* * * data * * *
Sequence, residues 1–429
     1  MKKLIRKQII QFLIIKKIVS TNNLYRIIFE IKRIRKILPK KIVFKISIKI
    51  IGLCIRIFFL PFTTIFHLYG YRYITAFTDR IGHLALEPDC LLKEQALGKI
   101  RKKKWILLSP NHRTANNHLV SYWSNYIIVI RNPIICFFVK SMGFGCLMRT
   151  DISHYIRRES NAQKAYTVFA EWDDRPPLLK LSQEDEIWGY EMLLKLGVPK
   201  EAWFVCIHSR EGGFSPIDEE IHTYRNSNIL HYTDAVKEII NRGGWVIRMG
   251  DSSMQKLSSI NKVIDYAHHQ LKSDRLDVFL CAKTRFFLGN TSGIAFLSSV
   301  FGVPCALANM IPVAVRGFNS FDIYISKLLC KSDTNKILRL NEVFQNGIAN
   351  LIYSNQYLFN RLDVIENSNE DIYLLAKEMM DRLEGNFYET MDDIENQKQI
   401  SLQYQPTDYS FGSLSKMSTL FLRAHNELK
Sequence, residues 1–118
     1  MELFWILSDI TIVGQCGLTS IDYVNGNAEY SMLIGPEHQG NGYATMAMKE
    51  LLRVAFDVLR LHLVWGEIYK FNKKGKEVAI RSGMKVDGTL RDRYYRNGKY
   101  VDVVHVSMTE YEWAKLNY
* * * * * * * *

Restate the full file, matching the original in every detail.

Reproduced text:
Sequence, residues 1–429
     1  MKKLIRKQII QFLIIKKIVS TNNLYRIIFE IKRIRKILPK KIVFKISIKI
    51  IGLCIRIFFL PFTTIFHLYG YRYITAFTDR IGHLALEPDC LLKEQALGKI
   101  RKKKWILLSP NHRTANNHLV SYWSNYIIVI RNPIICFFVK SMGFGCLMRT
   151  DISHYIRRES NAQKAYTVFA EWDDRPPLLK LSQEDEIWGY EMLLKLGVPK
   201  EAWFVCIHSR EGGFSPIDEE IHTYRNSNIL HYTDAVKEII NRGGWVIRMG
   251  DSSMQKLSSI NKVIDYAHHQ LKSDRLDVFL CAKTRFFLGN TSGIAFLSSV
   301  FGVPCALANM IPVAVRGFNS FDIYISKLLC KSDTNKILRL NEVFQNGIAN
   351  LIYSNQYLFN RLDVIENSNE DIYLLAKEMM DRLEGNFYET MDDIENQKQI
   401  SLQYQPTDYS FGSLSKMSTL FLRAHNELK
Sequence, residues 1–118
     1  MELFWILSDI TIVGQCGLTS IDYVNGNAEY SMLIGPEHQG NGYATMAMKE
    51  LLRVAFDVLR LHLVWGEIYK FNKKGKEVAI RSGMKVDGTL RDRYYRNGKY
   101  VDVVHVSMTE YEWAKLNY